Tennis: Taming Tantrums

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Tennis: Taming Tantrums

Go to any junior tournament and you will probably see at least a few tantrums. Kids might scream, smash racquets, cry and even swear. If they behave badly enough, they might suff er consequences, like a warning from an offi cial, or even a loss of a point or a game.

Unfortunately, though, the sport and the parents of young players too often tolerate these outbursts.

Once children realize that outbursts come with consequences, their behavior can change.

We all should know by now that a bad temper is counterproductive. A handful of the game’s most talented players—John McEnroe, Jimmy Connors, Ilie Nastase— were able to use their fiery tempers to help them win. For most people, though, acting this way will sink their tennis.

Some kids are prone to fits of anger while others pout quietly when they are mad; still others are naturally stoic or optimistic. But new habits can be learned, and good parenting can help improve your child’s temper while also making him or her a better player. Roger Federer is the best example. He was a racquetthrower as a child, until his parents disciplined him for his poor attitude. Today, he’s among the calmest—and greatest— players in the history of the sport.

The most important thing for children to know is that yelling and screaming will make them worse players. When you lose your cool, you can’t concentrate on strategy or think about your opponent’s strengths and weaknesses. You can’t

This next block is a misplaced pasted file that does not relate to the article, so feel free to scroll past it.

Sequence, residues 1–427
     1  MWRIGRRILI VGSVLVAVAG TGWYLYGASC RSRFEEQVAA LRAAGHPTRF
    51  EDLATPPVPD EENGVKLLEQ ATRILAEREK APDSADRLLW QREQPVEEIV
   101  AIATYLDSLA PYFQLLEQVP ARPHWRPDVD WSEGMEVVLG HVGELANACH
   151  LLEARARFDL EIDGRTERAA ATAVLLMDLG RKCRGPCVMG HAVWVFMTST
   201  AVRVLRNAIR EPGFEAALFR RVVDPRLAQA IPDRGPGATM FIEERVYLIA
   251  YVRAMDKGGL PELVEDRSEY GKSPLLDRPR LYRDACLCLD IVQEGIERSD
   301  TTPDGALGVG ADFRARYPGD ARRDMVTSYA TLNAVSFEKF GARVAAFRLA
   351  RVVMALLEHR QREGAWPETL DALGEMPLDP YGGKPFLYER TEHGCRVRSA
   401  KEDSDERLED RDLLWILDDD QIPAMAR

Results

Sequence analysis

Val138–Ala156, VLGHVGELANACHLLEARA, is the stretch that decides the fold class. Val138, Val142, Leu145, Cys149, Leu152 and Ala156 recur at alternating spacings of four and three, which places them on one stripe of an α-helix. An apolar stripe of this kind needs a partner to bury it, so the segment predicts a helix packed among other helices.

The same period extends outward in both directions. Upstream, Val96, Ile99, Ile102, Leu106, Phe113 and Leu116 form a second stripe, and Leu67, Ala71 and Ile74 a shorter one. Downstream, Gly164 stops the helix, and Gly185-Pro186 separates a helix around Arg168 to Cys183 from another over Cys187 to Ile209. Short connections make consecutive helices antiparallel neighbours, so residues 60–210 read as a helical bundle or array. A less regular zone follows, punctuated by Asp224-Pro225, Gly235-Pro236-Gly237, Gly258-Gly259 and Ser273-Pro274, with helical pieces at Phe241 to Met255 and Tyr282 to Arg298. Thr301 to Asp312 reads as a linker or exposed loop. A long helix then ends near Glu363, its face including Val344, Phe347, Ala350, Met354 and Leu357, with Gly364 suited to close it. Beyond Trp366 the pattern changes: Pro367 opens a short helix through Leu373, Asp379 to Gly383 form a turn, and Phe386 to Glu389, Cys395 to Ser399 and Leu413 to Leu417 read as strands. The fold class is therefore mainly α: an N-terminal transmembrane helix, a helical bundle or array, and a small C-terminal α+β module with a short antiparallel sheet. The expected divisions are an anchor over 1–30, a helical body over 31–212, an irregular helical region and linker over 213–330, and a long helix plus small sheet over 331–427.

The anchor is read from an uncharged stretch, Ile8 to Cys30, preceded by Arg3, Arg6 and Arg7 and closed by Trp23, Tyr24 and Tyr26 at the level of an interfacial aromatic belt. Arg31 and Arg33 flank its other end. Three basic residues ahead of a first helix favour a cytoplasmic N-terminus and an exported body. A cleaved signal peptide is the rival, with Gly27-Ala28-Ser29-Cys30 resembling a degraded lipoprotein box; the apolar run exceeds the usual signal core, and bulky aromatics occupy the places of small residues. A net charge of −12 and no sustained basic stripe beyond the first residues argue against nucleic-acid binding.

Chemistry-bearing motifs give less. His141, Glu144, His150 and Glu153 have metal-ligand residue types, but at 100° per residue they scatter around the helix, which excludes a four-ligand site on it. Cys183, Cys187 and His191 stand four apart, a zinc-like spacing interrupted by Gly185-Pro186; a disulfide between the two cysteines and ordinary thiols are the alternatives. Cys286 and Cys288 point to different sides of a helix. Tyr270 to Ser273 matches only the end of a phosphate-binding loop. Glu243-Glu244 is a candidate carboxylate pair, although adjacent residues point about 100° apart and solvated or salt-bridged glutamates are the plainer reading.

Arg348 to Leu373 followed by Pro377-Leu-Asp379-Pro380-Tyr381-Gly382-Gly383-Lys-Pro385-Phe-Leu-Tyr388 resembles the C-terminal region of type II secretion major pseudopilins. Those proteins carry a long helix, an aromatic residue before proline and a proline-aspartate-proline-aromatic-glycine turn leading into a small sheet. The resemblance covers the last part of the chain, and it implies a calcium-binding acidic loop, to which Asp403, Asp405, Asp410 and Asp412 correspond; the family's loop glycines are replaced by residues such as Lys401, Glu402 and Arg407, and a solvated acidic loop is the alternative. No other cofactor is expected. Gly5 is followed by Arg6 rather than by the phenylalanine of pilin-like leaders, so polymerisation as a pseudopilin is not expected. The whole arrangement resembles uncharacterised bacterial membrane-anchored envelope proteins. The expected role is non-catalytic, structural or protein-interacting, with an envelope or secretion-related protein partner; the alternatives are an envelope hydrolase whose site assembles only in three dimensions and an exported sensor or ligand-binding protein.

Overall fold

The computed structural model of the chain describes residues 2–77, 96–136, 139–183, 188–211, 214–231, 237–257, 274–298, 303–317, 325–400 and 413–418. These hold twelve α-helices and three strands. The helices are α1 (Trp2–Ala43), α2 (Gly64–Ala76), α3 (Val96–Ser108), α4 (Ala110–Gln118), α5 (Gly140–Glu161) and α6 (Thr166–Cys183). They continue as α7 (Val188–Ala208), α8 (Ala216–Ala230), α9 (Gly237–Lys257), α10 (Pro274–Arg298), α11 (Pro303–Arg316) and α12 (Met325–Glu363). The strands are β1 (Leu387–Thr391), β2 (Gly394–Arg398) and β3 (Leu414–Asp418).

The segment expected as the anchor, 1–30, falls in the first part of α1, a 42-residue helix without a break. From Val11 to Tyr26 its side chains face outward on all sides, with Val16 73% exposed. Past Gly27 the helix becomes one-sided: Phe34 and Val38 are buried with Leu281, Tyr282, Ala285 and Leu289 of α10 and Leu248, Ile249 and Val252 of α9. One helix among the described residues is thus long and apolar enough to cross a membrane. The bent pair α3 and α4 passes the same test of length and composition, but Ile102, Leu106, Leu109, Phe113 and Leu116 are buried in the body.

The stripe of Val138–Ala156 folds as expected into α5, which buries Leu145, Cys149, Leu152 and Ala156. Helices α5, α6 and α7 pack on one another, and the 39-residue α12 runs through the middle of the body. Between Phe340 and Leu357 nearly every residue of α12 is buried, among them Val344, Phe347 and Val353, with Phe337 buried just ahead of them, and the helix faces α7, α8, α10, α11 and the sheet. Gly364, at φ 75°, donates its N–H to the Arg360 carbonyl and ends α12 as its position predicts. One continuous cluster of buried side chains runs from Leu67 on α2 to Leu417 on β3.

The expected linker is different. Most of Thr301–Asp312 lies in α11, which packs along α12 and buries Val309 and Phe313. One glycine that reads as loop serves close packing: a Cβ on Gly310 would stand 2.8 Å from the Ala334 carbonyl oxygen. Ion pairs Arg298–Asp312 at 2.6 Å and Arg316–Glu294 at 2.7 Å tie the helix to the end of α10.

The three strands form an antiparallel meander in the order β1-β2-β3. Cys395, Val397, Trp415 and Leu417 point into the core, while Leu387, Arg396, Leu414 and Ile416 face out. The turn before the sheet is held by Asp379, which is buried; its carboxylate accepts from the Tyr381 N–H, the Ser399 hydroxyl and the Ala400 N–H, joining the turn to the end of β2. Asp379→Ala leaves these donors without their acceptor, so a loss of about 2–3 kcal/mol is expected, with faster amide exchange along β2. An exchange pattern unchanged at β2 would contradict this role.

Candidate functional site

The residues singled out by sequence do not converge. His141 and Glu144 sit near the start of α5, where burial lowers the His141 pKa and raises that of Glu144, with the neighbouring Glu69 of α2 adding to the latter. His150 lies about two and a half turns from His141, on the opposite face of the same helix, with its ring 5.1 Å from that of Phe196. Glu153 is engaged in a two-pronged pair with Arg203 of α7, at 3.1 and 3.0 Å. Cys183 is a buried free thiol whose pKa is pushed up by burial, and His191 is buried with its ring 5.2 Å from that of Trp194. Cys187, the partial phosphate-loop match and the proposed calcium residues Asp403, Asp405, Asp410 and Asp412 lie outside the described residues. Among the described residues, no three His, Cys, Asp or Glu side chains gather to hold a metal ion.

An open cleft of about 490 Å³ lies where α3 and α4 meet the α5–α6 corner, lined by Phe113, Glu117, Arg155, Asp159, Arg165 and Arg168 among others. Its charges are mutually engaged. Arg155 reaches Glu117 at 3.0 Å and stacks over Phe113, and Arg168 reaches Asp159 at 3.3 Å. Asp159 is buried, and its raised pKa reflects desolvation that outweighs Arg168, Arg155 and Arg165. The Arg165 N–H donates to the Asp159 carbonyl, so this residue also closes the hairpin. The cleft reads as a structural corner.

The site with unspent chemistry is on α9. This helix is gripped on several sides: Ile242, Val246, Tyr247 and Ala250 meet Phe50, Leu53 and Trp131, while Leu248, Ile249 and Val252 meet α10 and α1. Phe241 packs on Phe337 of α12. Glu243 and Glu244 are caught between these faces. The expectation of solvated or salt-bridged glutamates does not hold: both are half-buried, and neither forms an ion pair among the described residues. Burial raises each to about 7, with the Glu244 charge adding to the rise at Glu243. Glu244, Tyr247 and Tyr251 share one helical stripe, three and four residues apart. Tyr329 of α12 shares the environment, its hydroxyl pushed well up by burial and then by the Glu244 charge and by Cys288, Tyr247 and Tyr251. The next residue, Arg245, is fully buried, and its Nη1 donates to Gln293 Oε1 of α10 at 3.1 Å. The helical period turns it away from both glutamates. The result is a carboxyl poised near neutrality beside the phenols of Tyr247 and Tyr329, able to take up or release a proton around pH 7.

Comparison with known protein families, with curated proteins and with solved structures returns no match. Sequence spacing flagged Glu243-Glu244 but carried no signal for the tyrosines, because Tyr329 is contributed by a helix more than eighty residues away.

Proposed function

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summon the energy to play a 15-shot rally. You can’t be as focused as you need to be on break points and game points. Getting overly mad is not advantageous.

When you lose control on court, your opponents see weakness. You’re sending a message that you are lacking confidence.

Of course, a coach also needs to be involved in teaching these lessons. But at the end of the day, we should all want to teach our kids good sportsmanship. It’s up to parents to enforce this, especially when they take their kids to tournaments.

It’s bad for everyone in the sport—andextremely selfish—when a child rants and raves during a tennis match. If a child is still doing this at age 14 or 15, then the parents are at least tacitly condoning it.

Parents can consider a number of options to reduce these episodes. Skipping a tournament. Skipping lessons or practice.

In particularly egregious cases, or after repeated admonitions, defaulting a child from a tournament is an option. Once children realize that outbursts come with consequences, their behavior can change.

There’s no magical way to cure this behavior, and the process of trying to improve it can go on for years, with many ups and downs. Robert Lansdorp, who coached me when I was a child, was tough on his students so they would learn how to control emotions in tense moments and adverse situations. He would even call out the wrong score at times, but he’d do it with a grin. I knew he was doing it to see how I would react, but it was frustrating just the same.

If you feel as if your child’s tennis temper is hopeless, maybe the best thing to do is to point out the game’s top players.

Federer. Rafael Nadal. Maria Sharapova. Novak Djokovic. All of them have supreme control over their emotions. Nadal has never thrown a racquet, because he knew from childhood that his uncle would not condone it. Yes, Nadal is a remarkably gifted player, both physically and mentally. But he has learned how to stay calm and focused, too. It’s something we all have to do—and that we all can do, especially with the proper guidance.